Property Legal Woes – Financial Risk of Singaporean Divorcing Foreign Spouse
Found this article online and I think this is something that we should archive and share, maybe we should get a legal panel for advice as well on properties when it comes to relationship encumbrance.
I AM MARRIED to a foreigner and we have a two-year-old child. After living abroad, I am now back in Singapore because our marriage is on the rocks.
My husband has a girlfriend and intends to file for divorce.
I have not been working since I married and moved overseas.
We own a property in Singapore which was bought solely under my name with my husband as the guarantor. Does that mean the house cannot be sold without my consent and that my husband, as the guarantor, has no alternative but to continue to service the loan?
Does he have the right to call for a sale of the house once he files for divorce?
Does he have the right to ask for a share of the sales proceeds since he has been the one servicing the loan from the start?
In addition, he bought shares and bonds under my name. Can I assume there is no dispute on the ownership?
As for child custody, how should I fight for it?
Answer from Justin Wee, a Solicitor from Loke & Seah Advocates & Solicitors
ASSUMING that the loan is secured on a mortgage of the property, there will be obligations on both your husband who is the guarantor and yourself as mortgagor to service the loan.
If your husband ceases repayment of the loan, the lender may look to you for repayment even though your husband has been servicing the loan since day one.
As your husband is not a registered proprietor of the property, he cannot unilaterally sell or otherwise dispose of the property without your consent.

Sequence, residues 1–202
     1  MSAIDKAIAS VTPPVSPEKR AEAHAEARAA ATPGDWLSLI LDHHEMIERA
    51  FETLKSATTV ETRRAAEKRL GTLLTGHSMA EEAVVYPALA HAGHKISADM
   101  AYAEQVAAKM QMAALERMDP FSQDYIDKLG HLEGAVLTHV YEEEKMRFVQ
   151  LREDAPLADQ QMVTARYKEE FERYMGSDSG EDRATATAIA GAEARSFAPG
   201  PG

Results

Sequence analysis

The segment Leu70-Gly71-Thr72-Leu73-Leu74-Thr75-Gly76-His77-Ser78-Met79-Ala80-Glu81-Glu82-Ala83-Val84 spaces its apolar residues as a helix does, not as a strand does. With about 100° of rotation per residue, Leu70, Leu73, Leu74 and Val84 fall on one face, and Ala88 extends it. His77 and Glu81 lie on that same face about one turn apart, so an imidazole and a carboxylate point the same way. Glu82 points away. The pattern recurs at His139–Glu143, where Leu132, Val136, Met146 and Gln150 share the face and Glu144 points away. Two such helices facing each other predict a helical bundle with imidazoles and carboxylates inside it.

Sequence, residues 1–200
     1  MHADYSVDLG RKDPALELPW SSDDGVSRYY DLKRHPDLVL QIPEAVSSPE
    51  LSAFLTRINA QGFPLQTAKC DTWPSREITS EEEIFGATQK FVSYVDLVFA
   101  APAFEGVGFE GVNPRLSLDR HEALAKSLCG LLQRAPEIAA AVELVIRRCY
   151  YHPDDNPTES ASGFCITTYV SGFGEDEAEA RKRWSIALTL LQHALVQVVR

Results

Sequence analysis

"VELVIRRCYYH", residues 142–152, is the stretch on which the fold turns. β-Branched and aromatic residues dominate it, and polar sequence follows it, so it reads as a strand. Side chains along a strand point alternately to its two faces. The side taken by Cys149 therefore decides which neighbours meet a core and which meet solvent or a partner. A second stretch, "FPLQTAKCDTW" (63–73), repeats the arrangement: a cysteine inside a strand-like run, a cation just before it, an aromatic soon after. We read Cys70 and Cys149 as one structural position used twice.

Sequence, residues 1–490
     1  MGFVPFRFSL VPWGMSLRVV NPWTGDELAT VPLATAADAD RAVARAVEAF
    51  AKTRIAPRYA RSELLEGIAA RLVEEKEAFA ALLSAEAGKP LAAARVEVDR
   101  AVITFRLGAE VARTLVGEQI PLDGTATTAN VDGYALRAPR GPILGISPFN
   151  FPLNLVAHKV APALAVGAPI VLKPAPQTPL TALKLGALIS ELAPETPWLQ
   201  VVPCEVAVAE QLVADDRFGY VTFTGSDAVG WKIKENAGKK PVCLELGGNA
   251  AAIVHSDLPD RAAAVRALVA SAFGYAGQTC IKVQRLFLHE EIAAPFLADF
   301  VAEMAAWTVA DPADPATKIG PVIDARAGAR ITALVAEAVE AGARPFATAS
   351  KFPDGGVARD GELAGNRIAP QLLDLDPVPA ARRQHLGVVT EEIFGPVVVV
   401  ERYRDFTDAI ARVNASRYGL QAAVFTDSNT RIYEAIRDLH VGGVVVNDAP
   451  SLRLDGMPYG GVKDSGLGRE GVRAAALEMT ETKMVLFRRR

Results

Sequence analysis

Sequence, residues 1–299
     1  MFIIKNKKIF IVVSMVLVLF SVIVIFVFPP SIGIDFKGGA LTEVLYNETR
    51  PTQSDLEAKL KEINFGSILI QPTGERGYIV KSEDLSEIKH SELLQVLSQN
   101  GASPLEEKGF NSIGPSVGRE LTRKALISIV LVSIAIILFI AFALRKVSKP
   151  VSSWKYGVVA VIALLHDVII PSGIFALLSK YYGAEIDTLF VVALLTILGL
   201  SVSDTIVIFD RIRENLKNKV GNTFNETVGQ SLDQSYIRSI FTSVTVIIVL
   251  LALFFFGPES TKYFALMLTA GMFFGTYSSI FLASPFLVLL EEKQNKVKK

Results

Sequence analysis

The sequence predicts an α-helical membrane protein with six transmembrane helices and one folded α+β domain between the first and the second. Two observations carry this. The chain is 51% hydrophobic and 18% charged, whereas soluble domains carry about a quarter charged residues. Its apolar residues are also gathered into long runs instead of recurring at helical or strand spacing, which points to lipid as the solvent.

Depending on the circumstances, if the property is considered a gift from your husband to you, he may not be able to ask for a monetary share when the property is sold.
In this regard, the law presumes there is a gift from the husband to the wife but this presumption may be rebutted by contrary evidence.
The same rebuttable presumption applies to assets like shares and bonds that are purchased in your name.
On the question of the custody of your child, the fact that you are not working does not mean that custody of the child will be given to your spouse as the court’s paramount consideration is the welfare of the child.
Moreover, there are provisions entitling you to obtain maintenance for yourself and your child.
As for fighting for custody of the child, it is best that you provide the full facts of your case to a lawyer as there needs to be a strategy put in place.
Depending on the circumstances, it can be a complex issue which cannot be fully dealt with in this space.